Sunday, January 30, 2011

A Little More Hope for Haïti

A couple weekends ago, I took the train and bus far, far up North to attend my first event for a new group I joined called Chicagoans help Haiti. It was a sewing workshop to make dresses and pants for children orphaned by last year's earthquake. We were instructed to bring some t-shirts (for pants) or pillowcases (for dresses) and a $1 donation. I didn't really know what to expect. Frankly, I thought it'd be a bunch of old people. But I gave it a shot anyway.

I met someone while I was walking in who was around my age, which was quite comforting. As we were handing in our t-shirts, we realized we both had shirts from Threadless, so we obviously hit it off right away. We chatted and hung out a bit throughout the event, then exchanged emails as we were leaving. Turns out she is freelance photographer, and I sometimes freelance write. We thought we could team up sometime in the future to work on an article or project together.

The event itself was a well-oiled machine if I ever saw one. Two head sewer ladies supervised the whole process of ironing, tracing, snipping, pinning, elasticing, unpinning and sewing the little pants and dresses, which also had little pockets. Each t-shirt and each pillowcase went through 10+ steps before its transformation into a pair of pants or a dress. Every single station was manned and humming with conversation and laughter. It looked like everyone was having a good time.

When I wasn't taking notes, I was on the elastic crew. I sat with two lovely nice old French ladies and guided pieces of elastic through dress collars. I enjoyed creeping in on their French conversation. Actually, I was super shy around them and apprehensive to let them know I spoke French. I told them I was embarrassed I would make mistakes. "That's how we feel in English!" they said. "I am sure we make mistakes all the time." I felt a little bit better and so I chatted with them in French.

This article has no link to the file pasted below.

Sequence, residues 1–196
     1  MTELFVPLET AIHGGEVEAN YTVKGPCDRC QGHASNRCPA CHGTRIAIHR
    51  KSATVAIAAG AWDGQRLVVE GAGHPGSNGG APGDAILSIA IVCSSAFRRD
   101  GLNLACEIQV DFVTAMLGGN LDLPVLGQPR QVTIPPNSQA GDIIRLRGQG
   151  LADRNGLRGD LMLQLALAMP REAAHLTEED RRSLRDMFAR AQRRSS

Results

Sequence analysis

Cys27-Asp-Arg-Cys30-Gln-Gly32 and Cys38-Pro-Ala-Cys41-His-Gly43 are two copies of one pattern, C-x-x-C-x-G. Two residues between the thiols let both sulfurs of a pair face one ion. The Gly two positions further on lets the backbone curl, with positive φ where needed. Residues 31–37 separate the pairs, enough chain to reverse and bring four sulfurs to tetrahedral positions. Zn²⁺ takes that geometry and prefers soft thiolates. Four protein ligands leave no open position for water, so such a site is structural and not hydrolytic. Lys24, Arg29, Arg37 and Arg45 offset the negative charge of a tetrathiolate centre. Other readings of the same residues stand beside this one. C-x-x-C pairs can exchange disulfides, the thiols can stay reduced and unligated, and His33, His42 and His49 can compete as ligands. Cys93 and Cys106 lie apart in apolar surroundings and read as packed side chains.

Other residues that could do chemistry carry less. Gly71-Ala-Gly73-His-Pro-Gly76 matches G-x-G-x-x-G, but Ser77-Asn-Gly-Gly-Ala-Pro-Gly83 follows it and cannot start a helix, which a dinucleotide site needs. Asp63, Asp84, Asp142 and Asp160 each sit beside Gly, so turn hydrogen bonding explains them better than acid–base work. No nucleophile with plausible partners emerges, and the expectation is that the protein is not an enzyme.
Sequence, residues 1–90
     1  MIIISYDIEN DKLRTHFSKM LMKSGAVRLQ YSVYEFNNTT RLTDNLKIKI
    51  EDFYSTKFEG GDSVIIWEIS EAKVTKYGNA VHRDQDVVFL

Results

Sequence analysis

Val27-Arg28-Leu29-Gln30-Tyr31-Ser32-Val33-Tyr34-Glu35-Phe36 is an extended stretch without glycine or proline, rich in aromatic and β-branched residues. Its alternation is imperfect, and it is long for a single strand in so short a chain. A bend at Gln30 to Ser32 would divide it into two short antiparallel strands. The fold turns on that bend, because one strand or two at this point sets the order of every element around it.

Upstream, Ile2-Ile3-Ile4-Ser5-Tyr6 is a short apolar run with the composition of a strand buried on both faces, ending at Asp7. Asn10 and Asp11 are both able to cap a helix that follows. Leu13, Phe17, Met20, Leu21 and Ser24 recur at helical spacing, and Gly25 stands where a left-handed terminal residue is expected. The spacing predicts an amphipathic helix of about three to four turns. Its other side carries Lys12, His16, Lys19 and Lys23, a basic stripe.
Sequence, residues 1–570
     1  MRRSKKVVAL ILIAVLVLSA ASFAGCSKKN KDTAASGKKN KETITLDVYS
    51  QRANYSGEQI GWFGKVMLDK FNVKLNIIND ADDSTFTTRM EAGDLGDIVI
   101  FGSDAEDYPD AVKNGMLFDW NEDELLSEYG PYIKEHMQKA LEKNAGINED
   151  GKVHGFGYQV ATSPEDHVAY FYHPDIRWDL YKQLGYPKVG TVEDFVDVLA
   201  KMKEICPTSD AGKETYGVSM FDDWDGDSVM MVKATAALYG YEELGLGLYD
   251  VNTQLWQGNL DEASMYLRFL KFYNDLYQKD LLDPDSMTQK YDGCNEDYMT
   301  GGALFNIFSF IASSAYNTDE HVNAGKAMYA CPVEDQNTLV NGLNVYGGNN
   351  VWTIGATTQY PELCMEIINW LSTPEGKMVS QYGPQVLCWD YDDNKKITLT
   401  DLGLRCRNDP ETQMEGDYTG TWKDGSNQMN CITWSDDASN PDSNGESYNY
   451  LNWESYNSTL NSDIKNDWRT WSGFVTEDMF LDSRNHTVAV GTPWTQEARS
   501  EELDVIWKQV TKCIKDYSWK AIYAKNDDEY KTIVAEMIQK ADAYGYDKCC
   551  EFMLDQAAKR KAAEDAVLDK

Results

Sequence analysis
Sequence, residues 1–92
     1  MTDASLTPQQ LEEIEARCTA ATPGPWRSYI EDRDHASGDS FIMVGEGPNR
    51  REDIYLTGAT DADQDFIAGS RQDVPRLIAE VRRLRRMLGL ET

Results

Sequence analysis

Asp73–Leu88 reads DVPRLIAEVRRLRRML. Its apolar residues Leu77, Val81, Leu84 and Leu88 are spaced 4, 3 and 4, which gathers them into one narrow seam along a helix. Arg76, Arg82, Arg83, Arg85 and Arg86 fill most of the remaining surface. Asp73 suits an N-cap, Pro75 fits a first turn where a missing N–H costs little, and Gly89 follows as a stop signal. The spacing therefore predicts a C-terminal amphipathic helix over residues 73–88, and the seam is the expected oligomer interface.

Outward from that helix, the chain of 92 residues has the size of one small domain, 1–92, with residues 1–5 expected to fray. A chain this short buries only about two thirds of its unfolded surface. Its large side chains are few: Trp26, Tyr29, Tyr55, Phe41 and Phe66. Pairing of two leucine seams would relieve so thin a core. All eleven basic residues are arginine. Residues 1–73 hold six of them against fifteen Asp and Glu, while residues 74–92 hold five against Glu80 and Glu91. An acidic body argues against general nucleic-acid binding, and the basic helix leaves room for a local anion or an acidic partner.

As I was working away, I thought that it kind of seemed silly to bring all these people here to spend a few hours sewing clothes when each person could just have easily gone to a thrift store and purchased some children's clothing for a few measly dollars. But as I looked around, I understood that people wouldn't get the same feeling of accomplishment out of donating someone's old and forgotten clothes. We were all working collectively to make something that would benefit others, and that's why the sewing workshop was a good idea. Most of the people couldn't even sew, but they were given simple tasks that didn't require sewing skills. The event also brought friends and strangers together over a common philanthropic goal. Plus those head sewer ladies were awesome at delegating, so a lot got done. I left before the event was over, but the pants and dresses were piling up as I left. I hope they make some little Haitian kids happy.

Here are some of my photos, which are pretty awful. I wasn't dedicating too much time to taking them. If you'd like to see some really great photos — including one of me working hard on that elastic — visit Sarah Tilotta Photography's Haiti Sewing Workshop album. She's my new photographer friend, and you'll quickly see that she's great at what she does!

patterns for boys' pants.

That's Sarah's pillowcase! I am sure it made a great dress. I really like the pattern. I wish I had a dress with that pattern.

Super awesome sewer lady on the right. She seriously kicked butt. She was so nice and so efficient, which is not easy to do at the same time.

Cute little girls who served as models for the dresses. For even cuter photos, see Sarah's album.

Once a t-shirt, now little boy pants.

Once a pillowcase, now a little girl dress.

Saturday, January 29, 2011

Low Battery

This week started off well enough. Then that flat tire thing happened. And that was no big deal because I handled it well enough. And then, the next day, another flat tire happened. So I had to take the bus home, which stresses me out. Not the bus itself, but taking the bus with a bike is stressful. Everyone is waiting for you to put your bike on or get it off and there is all this pressure and inevitably you pull the wrong lever and drop your bike in the middle of a busy street known as Chicago Avenue. In between all of this, I was cramming in a lot of freelance work and had a lot of nine-to-five work to see to, and I just got über stressed in general. Plus I couldn't make it to the pool or yoga or obviously ride my bike or eat things that are good for me. I could probably find about six more things to make the week more dramatic and horrible, but to make an already-long-enough story short, I was not feeling great.